For many, Thanksgiving begins the giving season. The holiday is a time to be thankful and to give to charity—whether that means volunteering to feed the homeless on Thanksgiving Day, or offering time, money, and physical goods to a worthy cause. In recent weeks, it’s been thrilling to see the outpouring of charity to non-profit organizations. Charities that support the environment, immigration, and equal rights for women and LGBT people have seen a swell of support—adding up to an unprecedented outpouring of donations. The Sierra Club saw a 400% increase in its average monthly donations in November, and the American Civil Liberties Union (ACLU) broke its own donation records this month as well, collecting $2.4 million from nearly 39,000 contributors.

If you’re feeling equally enthusiastic about giving this Thanksgiving, it’s a great time to put your money where your heart is. Major cuts in federal support for many of these non-profits may be in the works, and it’s likely that tax incentives for giving will decrease in the coming years. The good news: there are a number of ways you can maximize your giving immediately. Here are just a few ideas:

Donate from your IRA. Last year, Qualified Charitable Distributions (QCDs) from individual IRAs were finally made permanent. A great tool if you are overfunded in your IRA, a QCD allows you to donate up to $100,000 of your tax-deferred IRA savings annually—and the portion you donate qualifies toward your annual Required Minimum Distribution (RMD). Even better, it isn’t added to your Adjusted Gross Income for tax purposes, which strengthens your gift by enabling you to give even more.

To qualify, you must be 70 ½ or older on the date the donation is made, all funds must be transferred directly from your IRA to the charity (most charities are prepared and more than happy to assist with the paperwork!), and the transfer must be completed before you receive any other distribution toward your RMD.

Create a Donor-Advised Fund. If you have significant assets to donate today, this type of philanthropic fund allows you to receive a current-year tax deduction (under the current rates) while providing support for the charity of your choice for years down the road. Because any gifts to a Donor-Advised Fund are irrevocable, you receive the tax credit for the current year only. You also have the option of donating non-cash assets such as stocks or other complex holdings directly into the fund. This not only helps you avoid capital gains tax, but that savings enables you to give even more to the causes you’re helping to support. Your contribution is treated as a gift to a 501(c)(3) public charity, and you are allowed to deduct up to 50% of your adjusted gross income for cash gifts, and 30% for appreciated securities.

Once assets are gifted to the fund, the investments can be sold or reinvested for continued growth without generating any capital gain tax to you as the donor. And though you’ll receive the tax deduction right away (that means 2016 if you can pull it all together by year end), you can donate the account proceeds at any time—in the year the gift was made (and credited to your taxes) or in any subsequent year.

Donate stocks or other investments “in kind.” The Dow just broke yet another record this week, topping 19,000 for the first time in history. That’s great news—in part because there are substantial benefits when you donate appreciated securities directly to charity. When you sell your securities directly, you’re likely to get hit with some hefty capital gains tax, which can significantly reduce the funds you have remaining to gift. Luckily, there’s a way around this conundrum.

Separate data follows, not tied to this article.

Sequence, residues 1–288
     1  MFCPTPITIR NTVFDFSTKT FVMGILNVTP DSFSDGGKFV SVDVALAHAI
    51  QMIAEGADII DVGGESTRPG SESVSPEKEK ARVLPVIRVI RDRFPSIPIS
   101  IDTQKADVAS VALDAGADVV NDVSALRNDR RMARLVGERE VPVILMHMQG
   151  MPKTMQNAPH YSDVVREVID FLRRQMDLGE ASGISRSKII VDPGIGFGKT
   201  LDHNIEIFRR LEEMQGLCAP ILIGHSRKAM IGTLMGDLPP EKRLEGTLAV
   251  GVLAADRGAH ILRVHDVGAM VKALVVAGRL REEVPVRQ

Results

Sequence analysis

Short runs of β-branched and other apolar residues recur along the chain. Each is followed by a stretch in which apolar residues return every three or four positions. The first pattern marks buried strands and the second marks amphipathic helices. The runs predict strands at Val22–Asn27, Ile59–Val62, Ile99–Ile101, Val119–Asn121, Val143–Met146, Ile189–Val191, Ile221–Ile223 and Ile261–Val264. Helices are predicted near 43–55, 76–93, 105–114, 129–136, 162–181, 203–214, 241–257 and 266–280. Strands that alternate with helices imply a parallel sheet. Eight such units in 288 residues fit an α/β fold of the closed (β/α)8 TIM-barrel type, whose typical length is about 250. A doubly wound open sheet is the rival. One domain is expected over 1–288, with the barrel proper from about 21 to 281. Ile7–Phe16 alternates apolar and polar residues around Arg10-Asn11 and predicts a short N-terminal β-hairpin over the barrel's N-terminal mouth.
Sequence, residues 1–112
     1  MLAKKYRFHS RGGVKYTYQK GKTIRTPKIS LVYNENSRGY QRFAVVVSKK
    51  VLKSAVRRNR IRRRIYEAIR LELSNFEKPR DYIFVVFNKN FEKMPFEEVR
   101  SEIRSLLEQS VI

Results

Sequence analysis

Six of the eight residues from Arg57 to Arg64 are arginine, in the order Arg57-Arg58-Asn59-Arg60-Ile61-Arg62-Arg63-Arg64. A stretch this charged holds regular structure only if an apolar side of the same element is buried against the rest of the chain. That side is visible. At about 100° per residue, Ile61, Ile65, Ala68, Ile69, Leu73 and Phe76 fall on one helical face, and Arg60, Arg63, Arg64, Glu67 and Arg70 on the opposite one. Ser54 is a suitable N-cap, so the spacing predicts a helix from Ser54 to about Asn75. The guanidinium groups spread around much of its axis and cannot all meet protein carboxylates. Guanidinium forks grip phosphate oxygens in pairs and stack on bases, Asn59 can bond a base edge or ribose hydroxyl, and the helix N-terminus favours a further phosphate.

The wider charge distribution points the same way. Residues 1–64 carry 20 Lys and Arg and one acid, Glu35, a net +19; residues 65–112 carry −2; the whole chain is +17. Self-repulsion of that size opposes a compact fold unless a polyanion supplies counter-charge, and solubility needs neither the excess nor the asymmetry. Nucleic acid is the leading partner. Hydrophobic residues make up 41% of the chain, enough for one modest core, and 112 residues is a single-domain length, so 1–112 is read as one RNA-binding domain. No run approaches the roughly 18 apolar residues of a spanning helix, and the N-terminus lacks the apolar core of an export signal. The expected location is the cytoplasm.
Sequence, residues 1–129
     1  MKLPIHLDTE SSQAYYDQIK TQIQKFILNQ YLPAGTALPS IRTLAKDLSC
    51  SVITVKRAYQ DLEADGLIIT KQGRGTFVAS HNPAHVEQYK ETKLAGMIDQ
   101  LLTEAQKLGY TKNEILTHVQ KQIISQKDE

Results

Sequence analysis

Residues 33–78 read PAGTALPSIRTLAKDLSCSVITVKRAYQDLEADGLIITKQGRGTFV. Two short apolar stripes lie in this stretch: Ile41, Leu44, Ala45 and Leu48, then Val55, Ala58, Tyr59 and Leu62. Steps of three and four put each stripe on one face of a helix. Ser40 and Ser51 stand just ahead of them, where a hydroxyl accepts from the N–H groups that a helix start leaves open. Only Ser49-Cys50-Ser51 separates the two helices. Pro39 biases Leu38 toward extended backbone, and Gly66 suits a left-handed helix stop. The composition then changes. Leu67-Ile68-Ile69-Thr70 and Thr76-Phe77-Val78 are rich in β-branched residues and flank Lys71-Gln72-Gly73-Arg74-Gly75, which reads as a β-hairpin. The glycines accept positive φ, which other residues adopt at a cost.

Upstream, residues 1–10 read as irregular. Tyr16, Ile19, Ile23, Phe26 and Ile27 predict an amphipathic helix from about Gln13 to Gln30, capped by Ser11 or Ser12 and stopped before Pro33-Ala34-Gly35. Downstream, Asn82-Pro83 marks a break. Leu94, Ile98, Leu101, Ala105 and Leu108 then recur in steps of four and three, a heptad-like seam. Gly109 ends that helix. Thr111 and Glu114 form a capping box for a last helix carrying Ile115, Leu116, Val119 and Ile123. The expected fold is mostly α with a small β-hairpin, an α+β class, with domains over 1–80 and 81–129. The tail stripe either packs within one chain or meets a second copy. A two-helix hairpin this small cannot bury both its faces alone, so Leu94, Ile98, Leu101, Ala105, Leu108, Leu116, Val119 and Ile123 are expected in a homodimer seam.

By donating your appreciated assets “in kind” to a charity, they receive the actual stock (or other assets), rather than the proceeds from the sale of the asset. As a result, you save the Federal capital gains tax and any state taxes. Benefits to you include a lower adjusted gross income (AGI), and the market value of the donation as an itemized charitable contribution. The charity benefits as well; because the gain on the security is tax-free to a qualified 501(c)(3) charity, the organization is able to sell the security tax-free. Leaving taxes out of the equation means more dollars to your beneficiary charity.

No matter how you give, deciding where to give is an important choice. There are numerous sites to help you research potential charities to be sure that they’re legitimate and that your dollars will actually be used to help your intended recipients. Take a look at Charity Navigator and Charity Watch to help you determine the best options. And when you do make a decision, I recommend making significant contributions to a select few rather than smaller contributions to many. Not only will your gift have a greater impact, but you’ll likely feel a stronger connection to the charities that matter most to you—and vice versa.

Of course, the most important thing is simply giving what you can, when you can, to the charities that matter most to you. Remember that every dollar makes a difference. In times like these, when certain causes are in greater need than ever, I hope you’ll consider giving what you can.

Need help setting up a donor-advised fund, QCD, or other vehicle for charitable donations? Please contact us right away to be sure we can meet the December 31 deadline. As always, I’m here to help.

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All written content on this site is for information purposes only. Opinions expressed herein are solely those of Lauren S. Klein, President, Klein Financial Advisors, Inc. Material presented is believed to be from reliable sources and we make no representations as to its accuracy or completeness. Read More >